Blair to boost Indian links

September 9, 2005

A multimillion-pound deal to encourage more collaboration between British and Indian universities was due to be signed by Tony Blair and his Indian counterpart, Manmohan Singh, this week.

Mr Blair flew to Delhi for talks after a European Union trade summit in China and was due to meet Mr Singh for talks about Anglo-Indian education and economic links on Thursday.

The deal looks set to include measures to encourage more Indian students to study in the UK and more British students to spend time at Indian institutions.

But the prime ministers were also expected to set up a new research fund that would finance collaborative projects between academics or departments in the two countries.

In total, the British Government is expected to commit £10 million to encouraging Anglo-Indian education links, but it is unclear how much of that sum would be dedicated to the research fund or the size of the contribution from the Indian authorities.

It is understood that funds will be allocated for new awards in doctoral and postdoctoral research for Indian and UK academics. There will also be moves to encourage exchanges of senior academics between the two countries.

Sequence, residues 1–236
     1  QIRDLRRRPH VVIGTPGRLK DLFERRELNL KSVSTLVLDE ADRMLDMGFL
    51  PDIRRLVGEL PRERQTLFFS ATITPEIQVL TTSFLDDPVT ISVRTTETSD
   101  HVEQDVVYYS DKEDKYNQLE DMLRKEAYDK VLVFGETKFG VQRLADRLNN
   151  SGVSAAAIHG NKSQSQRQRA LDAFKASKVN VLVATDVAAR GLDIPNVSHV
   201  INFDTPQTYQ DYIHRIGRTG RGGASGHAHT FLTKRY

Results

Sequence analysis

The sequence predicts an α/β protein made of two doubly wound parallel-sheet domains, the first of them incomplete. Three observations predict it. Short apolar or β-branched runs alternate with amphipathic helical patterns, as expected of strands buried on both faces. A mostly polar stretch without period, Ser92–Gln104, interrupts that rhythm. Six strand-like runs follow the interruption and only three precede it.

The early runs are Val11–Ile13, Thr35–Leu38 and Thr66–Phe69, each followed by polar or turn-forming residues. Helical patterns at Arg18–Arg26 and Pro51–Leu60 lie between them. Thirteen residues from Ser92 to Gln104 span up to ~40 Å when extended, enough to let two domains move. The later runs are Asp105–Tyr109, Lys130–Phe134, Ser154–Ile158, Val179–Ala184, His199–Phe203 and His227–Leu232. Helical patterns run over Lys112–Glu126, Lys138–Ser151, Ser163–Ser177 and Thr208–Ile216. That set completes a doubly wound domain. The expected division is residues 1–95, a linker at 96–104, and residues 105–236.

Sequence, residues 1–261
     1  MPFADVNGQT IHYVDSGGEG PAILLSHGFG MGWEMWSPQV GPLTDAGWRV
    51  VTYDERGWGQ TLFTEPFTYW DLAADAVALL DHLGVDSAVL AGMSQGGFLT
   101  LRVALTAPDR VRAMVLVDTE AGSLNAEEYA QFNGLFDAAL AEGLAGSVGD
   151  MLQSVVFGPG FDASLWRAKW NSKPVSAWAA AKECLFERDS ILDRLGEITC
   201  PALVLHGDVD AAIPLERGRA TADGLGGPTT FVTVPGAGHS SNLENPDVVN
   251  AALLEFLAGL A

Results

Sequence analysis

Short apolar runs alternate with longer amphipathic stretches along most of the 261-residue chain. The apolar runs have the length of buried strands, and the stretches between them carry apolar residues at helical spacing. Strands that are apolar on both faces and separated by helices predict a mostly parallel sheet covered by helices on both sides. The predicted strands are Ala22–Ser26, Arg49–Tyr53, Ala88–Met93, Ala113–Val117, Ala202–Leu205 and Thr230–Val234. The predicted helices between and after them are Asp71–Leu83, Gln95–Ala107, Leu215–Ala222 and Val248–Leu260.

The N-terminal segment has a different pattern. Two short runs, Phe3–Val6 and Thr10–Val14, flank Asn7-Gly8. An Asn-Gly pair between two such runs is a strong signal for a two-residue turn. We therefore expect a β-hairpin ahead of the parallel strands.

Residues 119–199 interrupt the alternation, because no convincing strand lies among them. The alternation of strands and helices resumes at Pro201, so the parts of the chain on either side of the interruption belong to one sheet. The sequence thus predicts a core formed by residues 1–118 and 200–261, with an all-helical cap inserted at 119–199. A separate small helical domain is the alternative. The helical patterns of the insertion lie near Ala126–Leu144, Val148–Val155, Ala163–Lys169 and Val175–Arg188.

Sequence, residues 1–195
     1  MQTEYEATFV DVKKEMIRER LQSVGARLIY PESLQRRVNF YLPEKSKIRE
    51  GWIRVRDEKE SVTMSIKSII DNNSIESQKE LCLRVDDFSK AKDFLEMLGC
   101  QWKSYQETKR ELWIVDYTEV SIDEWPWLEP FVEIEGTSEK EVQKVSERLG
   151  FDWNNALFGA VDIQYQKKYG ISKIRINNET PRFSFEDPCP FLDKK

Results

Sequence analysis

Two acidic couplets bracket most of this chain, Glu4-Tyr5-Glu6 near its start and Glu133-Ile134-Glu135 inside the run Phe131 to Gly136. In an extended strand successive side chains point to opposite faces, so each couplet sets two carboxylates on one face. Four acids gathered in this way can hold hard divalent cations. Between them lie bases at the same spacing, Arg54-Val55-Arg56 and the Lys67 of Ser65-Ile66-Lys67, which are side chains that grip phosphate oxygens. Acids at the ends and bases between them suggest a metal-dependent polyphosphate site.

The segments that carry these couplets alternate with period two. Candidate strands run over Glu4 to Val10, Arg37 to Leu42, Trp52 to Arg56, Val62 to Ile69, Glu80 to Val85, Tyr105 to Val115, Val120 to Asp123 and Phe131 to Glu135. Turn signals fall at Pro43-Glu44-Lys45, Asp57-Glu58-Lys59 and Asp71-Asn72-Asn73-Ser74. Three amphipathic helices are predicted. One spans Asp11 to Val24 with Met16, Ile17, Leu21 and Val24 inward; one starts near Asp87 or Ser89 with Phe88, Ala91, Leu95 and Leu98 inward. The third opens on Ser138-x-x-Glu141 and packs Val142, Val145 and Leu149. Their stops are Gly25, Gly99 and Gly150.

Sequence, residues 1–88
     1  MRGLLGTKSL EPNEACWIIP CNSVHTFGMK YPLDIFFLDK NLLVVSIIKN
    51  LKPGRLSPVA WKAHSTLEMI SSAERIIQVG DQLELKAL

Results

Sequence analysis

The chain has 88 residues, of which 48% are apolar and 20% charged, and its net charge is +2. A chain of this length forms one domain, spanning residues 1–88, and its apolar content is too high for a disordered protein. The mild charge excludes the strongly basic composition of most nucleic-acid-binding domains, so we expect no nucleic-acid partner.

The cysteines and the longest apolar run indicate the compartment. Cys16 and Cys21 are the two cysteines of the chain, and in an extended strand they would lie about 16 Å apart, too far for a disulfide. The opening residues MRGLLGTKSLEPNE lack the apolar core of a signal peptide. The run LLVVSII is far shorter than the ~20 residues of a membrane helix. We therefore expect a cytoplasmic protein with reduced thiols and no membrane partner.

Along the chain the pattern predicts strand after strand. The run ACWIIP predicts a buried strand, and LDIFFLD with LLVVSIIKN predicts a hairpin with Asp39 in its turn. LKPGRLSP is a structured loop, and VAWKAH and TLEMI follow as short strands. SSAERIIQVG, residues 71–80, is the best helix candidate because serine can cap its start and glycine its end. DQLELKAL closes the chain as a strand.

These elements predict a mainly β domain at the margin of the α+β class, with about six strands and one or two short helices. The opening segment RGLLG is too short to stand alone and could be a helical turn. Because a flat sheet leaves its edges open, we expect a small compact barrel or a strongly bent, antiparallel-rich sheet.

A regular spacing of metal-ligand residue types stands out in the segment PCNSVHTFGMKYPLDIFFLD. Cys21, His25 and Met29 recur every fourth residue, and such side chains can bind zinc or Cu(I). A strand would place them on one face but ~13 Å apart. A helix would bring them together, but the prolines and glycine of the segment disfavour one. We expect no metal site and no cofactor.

In an interview with The Times Higher last month, Bill Rammell, Higher Education Minister, said the Government would also seek contributions from the private sector to develop education links.

Although 17,000 Indian students study in Britain each year, only 100 UK students study in India.

Despite continuing pressure on the Home Office to rethink plans to increase visa charges for international students, it is understood that fast-track visas or visa charge concessions for Indian applicants are unlikely to be part of the deal.

Please login or register to read this article

Register to continue

Get a month's unlimited access to THE content online. Just register and complete your career summary.

Registration is free and only takes a moment. Once registered you can read a total of 3 articles each month, plus:

  • Sign up for the editor's highlights
  • Receive World University Rankings news first
  • Get job alerts, shortlist jobs and save job searches
  • Participate in reader discussions and post comments
Register

Have your say

Log in or register to post comments